Balfour Beatty has six Civil Aviation Authority-trained drone pilots who carry out inspections, stockpile measurements and aerial progress reports
Falls from height are still construction’s biggest killer. Neil Gerrard talks to experts about how to make working at height safer, and how data and technology can play a role.
The UK may enjoy some of the lowest workplace fatality and serious injury rates in the European Union, but falls from height were still the single biggest cause of fatal injuries to workers between 2013 and 2018.
Figures from the Health and Safety Executive (HSE) show that over the past five years, falls from height accounted for more than a quarter (26%) of workplace deaths, ahead of being struck by a moving vehicle (18%) and being struck by a moving object (13%).
“The nature of construction – and more broadly across support services – is such that falls from height are often seen as a risk that will always be with us and to an extent that is obviously true; after all, what goes up has a habit of wanting to come back down again,” says Gary Carvell, health, safety, quality and environment director for Vinci Construction UK.
But that doesn’t mean that concerted efforts aren’t being made to further reduce the number of falls from height that occur in the sector, addressing not just the way in which the way in which the work is planned, carried out and regulated, but in some cases harnessing new technology to take the risk out of the process altogether.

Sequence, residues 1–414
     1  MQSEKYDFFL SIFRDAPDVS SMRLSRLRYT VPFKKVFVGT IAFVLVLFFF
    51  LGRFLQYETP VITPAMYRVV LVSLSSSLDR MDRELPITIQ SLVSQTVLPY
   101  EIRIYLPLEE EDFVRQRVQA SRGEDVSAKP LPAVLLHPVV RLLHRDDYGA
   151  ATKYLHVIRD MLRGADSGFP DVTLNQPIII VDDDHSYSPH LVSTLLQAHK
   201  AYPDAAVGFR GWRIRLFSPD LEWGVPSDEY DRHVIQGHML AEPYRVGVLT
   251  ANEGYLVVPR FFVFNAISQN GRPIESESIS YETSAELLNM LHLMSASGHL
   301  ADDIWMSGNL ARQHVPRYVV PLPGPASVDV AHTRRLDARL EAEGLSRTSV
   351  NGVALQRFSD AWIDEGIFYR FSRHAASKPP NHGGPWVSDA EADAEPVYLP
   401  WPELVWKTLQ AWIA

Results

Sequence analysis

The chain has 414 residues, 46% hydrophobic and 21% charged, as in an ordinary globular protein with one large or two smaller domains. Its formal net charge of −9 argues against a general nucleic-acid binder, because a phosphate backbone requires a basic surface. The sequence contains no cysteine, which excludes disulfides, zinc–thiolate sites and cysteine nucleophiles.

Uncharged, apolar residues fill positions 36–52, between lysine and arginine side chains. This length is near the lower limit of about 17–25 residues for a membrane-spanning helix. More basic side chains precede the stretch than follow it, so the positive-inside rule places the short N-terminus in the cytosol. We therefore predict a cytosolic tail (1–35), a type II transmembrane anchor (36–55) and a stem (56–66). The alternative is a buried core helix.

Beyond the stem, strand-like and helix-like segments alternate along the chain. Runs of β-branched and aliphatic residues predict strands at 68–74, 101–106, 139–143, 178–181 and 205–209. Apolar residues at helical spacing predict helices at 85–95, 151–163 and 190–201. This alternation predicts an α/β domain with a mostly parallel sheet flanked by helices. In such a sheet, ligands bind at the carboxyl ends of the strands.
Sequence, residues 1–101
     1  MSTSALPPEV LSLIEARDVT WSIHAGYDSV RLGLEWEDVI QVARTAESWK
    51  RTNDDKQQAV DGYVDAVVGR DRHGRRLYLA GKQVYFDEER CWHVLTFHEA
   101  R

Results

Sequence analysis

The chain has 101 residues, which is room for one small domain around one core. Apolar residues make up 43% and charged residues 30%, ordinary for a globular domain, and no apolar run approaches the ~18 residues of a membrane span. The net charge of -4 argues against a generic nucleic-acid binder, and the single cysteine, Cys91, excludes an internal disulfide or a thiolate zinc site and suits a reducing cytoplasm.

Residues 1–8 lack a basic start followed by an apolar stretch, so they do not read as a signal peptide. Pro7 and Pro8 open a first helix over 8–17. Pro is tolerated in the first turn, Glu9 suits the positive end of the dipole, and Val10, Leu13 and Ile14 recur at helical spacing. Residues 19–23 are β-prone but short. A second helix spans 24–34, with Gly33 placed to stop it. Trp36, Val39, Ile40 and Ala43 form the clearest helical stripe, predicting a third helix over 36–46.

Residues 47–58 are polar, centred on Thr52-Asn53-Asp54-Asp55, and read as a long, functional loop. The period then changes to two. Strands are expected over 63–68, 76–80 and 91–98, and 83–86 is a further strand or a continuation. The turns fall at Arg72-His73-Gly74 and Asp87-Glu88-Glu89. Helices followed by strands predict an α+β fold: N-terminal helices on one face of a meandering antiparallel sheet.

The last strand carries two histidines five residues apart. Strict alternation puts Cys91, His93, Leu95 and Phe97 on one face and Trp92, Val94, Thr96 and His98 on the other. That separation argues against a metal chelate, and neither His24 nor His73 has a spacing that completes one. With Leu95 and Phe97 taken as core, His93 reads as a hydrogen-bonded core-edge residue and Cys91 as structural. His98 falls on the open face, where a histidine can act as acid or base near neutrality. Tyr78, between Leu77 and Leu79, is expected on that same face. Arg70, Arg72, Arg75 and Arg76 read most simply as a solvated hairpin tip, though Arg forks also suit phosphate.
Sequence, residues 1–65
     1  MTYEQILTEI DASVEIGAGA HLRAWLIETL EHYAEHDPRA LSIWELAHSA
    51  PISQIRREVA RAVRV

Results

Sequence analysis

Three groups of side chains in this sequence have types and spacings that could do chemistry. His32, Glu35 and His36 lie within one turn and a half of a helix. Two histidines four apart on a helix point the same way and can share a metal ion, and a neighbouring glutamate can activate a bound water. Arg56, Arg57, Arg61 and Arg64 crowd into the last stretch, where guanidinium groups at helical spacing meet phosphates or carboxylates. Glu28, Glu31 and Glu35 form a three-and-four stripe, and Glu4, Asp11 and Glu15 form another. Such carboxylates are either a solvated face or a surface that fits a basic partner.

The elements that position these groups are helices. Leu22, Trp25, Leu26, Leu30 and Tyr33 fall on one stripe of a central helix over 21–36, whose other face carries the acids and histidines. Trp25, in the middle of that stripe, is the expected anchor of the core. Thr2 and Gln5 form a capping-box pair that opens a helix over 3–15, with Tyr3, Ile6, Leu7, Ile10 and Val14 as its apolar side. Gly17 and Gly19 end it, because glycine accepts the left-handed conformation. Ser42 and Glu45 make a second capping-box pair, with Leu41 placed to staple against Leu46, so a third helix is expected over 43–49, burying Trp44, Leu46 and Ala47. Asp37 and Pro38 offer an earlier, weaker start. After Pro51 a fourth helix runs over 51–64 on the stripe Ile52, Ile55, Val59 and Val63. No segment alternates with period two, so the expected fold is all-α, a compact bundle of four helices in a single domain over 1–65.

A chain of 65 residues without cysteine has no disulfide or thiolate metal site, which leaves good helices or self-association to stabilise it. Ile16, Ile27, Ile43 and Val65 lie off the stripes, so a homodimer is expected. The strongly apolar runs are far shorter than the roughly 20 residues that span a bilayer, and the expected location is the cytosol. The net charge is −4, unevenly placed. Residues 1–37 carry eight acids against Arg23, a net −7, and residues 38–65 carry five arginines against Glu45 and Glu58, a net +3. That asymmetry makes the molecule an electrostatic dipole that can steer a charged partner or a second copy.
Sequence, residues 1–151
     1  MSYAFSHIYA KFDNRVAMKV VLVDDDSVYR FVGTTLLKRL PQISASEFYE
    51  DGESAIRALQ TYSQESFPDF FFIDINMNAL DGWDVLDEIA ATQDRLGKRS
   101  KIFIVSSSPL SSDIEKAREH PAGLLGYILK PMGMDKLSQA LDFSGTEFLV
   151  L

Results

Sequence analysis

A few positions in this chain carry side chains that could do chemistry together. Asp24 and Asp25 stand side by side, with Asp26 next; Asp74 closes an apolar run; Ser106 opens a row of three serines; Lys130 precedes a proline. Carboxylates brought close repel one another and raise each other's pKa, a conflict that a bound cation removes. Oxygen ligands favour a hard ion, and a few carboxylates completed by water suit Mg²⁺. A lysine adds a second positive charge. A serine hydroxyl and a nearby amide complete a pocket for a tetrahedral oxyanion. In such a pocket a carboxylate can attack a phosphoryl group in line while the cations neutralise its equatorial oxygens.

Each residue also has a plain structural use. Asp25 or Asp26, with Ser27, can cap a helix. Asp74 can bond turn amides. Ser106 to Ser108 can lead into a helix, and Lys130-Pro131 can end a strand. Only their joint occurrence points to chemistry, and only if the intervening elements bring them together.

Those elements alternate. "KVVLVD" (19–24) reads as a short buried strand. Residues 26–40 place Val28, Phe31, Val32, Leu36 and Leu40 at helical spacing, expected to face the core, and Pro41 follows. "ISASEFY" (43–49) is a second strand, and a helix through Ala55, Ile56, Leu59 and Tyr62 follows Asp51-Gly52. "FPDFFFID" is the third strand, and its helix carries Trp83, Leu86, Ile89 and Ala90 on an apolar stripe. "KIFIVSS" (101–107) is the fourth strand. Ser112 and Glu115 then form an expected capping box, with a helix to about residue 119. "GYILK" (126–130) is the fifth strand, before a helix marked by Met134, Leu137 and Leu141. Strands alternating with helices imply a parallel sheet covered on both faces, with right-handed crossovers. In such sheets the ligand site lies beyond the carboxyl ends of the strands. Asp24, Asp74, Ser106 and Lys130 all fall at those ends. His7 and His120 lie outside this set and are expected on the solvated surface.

Drones support Balfour Beatty
Balfour Beatty has six Civil Aviation Authority-trained drone pilots within the business, allowing it to carry out bridge and building inspections, quicker stockpile measurements and aerial progress reports.
“The use of drones allows us to inspect things without sending people up at height, preventing potential injuries,” says Heather Bryant.
Recently, the company has been using the technology on the construction of a 13.6-mile section of smart motorway on the M6 between Coventry and Coleshill.
Balfour has been trialling new drone the Phantom 4 RTK on the scheme, using supplier Heliguy, for mapping, aerial shots, and measuring earthworks and stockpiles at its recycling depot on junction 2.
“The drones help unbelievably with health and safety, taking people out of dangerous situations,” says Wayne Hughes, the firm’s principal UAS (unmanned aircraft system) pilot. “It means that we haven’t got people climbing over stockpiles. Instead, the drones can fly over the site and generate a model afterwards, which we can review in the office.”
“We believe the best way to reduce falls from height is to eliminate the risk in the first place. This means collaboration with designers, clients and contractors throughout the pre-construction process,” says Heather Bryant, Balfour Beatty’s health safety environment and sustainability director.
Using data to improve safety
The fact that the issue remains high on the agenda can be seen from the conclusion of an inquiry by the All-Party Parliamentary Group (APPG) on Working at Height, led by Alison Thewliss, which has recommended a series of measures to drive down accidents, including enhanced reporting through RIDDOR (at a minimum recording the scale of a fall, the method used and the circumstances) and the creation of a new independent body to oversee confidential and digital reporting of the causes of near misses.
The International Powered Access Federation (IPAF), one of the organisations to give evidence to the inquiry, sees better collection and interpretation of data as key to improving safety.
“IPAF already employs many of the recommendations from the APPG inquiry, such as the reporting of accidents and near misses in order to learn more about the causes of falls from height, as well as promoting safety campaigns to help employers raise awareness around safe working at height,” says IPAF UK market general manager Richard Whiting.
His colleague Andrew Delahunt, director of technical and safety, cites the example of how data gleaned in such a way revealed to IPAF that accidents involving mobile elevating work platforms (MEWPs) usually involved poor planning, which helped it to inform a targeted safety campaign.